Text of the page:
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A Day At The Game

My wife got us all tickets to a Seattle Mariners game this past Sunday. One of the things that I was hoping to come from this game was to teach my son how to do baseball score keeping. More on that in a bit

James at a game 2013

This past Sunday was our semi-regular annual day at a Mariners game. Except for last year we have taken the twins to at least one of the Seattle Mariners home games each year and as the kids have gotten older the enjoyment has the improved, both theirs and mine. 

The other reason that we do this is that we have a new Au Pair each year and it gives them an American cultural experience. There was a time not too long ago when a Chevy commercial went something like “As American as Baseball, hot dogs, apple pie and Chevrolet” so this is a great slice of American culture to share with international visitors. This year we also had our Au Pair's dad visiting with us for a couple of weeks from South Africa, and her boyfriend was also joining us, so anticipation and excitement was high.

It was a normal spring day here, which is to say that it was cool and overcast but we never did get any rain. Which is a thing in Seattle...  the weather can fool you so if you are waiting for a nice sunny day to get out and do something you may end up in the house for many days waiting for clear sky’s. 

And another thing, albeit a bit random, and that is that no one here in Seattle uses an umbrella. Just saying.

We all piled into the mini van and off we went, leaving early to not get caught up in too much stadium traffic. We got there, parked the vehicle and crossed over to the stadium.  It is always a treat to watch the kids faces light up as we walk into the stadium, when they look out onto the field and just take in the size of the stadium.

As I mentioned in the beginning, this year I wanted to try and interest my son James in learning how to record a game, keeping track of the hits, walks, strike outs runs, etc. He does go to a gymnastics program twice a week but the only team activities he does are the Chess club and the math team. So baseball has never been a thing for him and I wasn’t expecting too much interest from him.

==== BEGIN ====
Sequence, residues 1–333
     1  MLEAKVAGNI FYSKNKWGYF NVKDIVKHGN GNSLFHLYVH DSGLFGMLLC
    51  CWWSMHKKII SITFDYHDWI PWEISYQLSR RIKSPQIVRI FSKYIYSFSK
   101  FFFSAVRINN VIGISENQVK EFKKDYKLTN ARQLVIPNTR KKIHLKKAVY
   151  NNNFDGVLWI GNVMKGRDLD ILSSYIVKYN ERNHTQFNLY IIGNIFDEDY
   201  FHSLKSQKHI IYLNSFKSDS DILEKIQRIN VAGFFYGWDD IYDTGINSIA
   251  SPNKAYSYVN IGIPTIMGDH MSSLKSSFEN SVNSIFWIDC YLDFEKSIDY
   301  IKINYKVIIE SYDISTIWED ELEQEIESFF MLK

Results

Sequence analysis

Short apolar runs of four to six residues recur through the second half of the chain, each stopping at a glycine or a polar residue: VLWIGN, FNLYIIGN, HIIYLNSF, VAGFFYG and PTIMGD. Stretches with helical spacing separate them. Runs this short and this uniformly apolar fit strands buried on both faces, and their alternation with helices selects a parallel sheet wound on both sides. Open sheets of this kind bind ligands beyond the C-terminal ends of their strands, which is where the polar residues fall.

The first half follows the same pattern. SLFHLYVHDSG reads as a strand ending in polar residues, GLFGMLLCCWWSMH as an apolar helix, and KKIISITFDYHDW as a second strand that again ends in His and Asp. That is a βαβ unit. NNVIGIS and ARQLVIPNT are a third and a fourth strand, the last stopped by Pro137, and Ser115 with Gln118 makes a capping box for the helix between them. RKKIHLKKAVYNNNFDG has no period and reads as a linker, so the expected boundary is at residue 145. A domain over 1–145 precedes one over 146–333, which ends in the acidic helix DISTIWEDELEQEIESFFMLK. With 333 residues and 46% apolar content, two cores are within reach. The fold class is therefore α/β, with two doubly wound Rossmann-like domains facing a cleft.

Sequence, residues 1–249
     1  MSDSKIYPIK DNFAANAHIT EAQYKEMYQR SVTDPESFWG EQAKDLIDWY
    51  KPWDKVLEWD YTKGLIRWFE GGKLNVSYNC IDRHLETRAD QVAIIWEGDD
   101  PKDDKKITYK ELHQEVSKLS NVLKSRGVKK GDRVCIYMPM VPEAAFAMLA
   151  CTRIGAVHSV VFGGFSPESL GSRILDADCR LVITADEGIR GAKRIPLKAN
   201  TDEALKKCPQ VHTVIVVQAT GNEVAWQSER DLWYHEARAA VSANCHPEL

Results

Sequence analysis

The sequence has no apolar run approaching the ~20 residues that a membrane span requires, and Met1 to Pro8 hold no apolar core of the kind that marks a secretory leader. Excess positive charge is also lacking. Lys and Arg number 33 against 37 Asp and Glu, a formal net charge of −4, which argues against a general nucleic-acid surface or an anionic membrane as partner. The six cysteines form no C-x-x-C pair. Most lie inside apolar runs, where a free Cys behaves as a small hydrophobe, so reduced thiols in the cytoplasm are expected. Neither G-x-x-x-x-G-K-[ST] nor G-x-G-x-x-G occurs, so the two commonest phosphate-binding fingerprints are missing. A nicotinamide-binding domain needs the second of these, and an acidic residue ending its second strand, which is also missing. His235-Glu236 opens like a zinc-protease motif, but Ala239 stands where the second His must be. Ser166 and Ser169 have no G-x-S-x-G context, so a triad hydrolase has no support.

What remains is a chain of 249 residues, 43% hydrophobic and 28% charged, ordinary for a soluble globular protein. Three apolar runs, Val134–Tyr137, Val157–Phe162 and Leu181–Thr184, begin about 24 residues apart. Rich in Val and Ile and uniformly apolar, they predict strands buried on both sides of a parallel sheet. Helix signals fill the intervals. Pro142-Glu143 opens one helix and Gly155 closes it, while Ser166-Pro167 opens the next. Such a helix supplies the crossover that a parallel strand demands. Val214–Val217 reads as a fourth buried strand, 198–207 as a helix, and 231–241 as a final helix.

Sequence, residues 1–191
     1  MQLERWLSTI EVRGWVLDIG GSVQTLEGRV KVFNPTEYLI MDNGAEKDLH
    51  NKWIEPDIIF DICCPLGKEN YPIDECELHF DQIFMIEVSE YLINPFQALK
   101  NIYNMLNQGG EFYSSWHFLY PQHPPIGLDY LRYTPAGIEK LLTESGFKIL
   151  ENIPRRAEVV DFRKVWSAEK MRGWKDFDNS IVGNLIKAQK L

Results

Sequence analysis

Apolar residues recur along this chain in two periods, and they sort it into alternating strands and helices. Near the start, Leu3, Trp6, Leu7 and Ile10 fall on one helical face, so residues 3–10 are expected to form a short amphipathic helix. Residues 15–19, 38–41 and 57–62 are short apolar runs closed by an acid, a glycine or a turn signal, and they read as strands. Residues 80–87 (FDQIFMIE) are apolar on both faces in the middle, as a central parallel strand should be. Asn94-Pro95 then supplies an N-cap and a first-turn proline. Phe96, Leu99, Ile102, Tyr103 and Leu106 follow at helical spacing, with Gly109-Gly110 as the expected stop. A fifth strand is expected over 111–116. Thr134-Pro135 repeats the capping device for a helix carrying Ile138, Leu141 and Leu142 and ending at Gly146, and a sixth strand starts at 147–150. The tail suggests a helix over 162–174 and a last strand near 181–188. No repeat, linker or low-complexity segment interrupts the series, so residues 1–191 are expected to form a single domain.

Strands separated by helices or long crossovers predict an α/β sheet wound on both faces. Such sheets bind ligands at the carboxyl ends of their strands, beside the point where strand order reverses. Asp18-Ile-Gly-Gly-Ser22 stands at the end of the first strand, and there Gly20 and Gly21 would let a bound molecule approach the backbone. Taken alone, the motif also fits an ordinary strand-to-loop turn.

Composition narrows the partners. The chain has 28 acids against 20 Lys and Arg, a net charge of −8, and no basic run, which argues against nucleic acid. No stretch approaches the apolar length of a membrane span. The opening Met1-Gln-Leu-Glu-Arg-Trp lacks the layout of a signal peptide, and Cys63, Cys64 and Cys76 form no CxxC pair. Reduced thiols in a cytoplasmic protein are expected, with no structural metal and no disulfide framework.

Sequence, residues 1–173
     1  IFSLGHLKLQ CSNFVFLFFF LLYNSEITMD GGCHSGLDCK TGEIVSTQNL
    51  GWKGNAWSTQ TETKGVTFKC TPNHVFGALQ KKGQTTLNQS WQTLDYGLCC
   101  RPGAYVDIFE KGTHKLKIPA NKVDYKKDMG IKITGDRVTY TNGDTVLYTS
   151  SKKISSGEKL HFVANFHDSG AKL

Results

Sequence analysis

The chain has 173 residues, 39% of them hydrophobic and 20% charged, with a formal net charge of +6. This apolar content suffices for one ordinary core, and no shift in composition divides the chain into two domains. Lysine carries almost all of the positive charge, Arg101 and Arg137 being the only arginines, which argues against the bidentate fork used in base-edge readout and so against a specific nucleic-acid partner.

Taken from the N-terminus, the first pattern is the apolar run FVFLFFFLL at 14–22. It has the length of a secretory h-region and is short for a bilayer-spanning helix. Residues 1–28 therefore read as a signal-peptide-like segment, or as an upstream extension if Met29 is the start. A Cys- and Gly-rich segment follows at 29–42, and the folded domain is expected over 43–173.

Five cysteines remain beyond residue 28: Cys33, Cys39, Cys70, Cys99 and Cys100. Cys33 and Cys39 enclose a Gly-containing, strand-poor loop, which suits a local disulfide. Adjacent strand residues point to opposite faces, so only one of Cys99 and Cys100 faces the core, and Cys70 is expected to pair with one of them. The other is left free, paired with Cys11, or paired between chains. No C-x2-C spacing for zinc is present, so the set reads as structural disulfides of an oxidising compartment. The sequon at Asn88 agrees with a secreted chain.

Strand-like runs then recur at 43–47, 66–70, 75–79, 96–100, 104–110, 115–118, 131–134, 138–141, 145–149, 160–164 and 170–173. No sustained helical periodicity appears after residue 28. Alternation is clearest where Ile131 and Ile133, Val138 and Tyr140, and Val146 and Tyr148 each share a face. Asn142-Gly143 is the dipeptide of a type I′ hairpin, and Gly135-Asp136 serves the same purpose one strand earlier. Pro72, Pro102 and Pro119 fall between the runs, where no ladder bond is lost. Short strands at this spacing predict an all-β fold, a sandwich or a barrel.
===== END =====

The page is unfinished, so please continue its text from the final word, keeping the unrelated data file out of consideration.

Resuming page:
On the other hand he is a math wiz (I’m thinking Billy Bean and the KC Royals) and loves codes (bought himself a book on codes at the last book fair) so I thought this could be a great fit for him, and I was not disappointed. By the 3rd inning he had it down, tracking all of the action on the field, his pencil (and eraser) just a flurry of  fully engaged activity. And he could not have been happier!

Now, on the absolute opposite side of the spectrum is my daughter Jackie, who likes the social aspects of the game, cheering when the crowd cheers, dancing and clapping with the stadium music, but not following the game at all. And she also loved the food and snacks there,  filling up on Peanuts, lemonade, ice cream, kettle corn and probably a couple of other things I missed.

Later in the game the rest of the adults made their way over to the team store where Chloe’s dad stocked up on Mariners gear to bring back home to South Africa. They missed the homers

The Mariners were pretty much locked in for a win by the top of the 8th, up 7 to 4 after three home runs. See the video of the 2nd HR while James is focused on scoring the hit.

At that point I did what every other non-baseball fanatical fan at the game did... grabbed everyone and made a beeline for the minivan to beat the other 30,000 or so fans trying to get out of the parking garages as well.  

We beat the rush and headed home, everyone happy with the day. Introducing my son to scoring and some baseball statistics far exceeded my intention to try and get my son connected with sports in a way that would interest him.

He now wants to watch the Brad Pitt movie “money ball” and hopefully he will dive into the plethora of statistics and numbers that baseball offers. I have computer baseball game driven mainly by numbers and stats with minimal graphics and will introduce him to that and see where that goes.

My takeaway for the day was to never underestimate the power of a reasonable idea.


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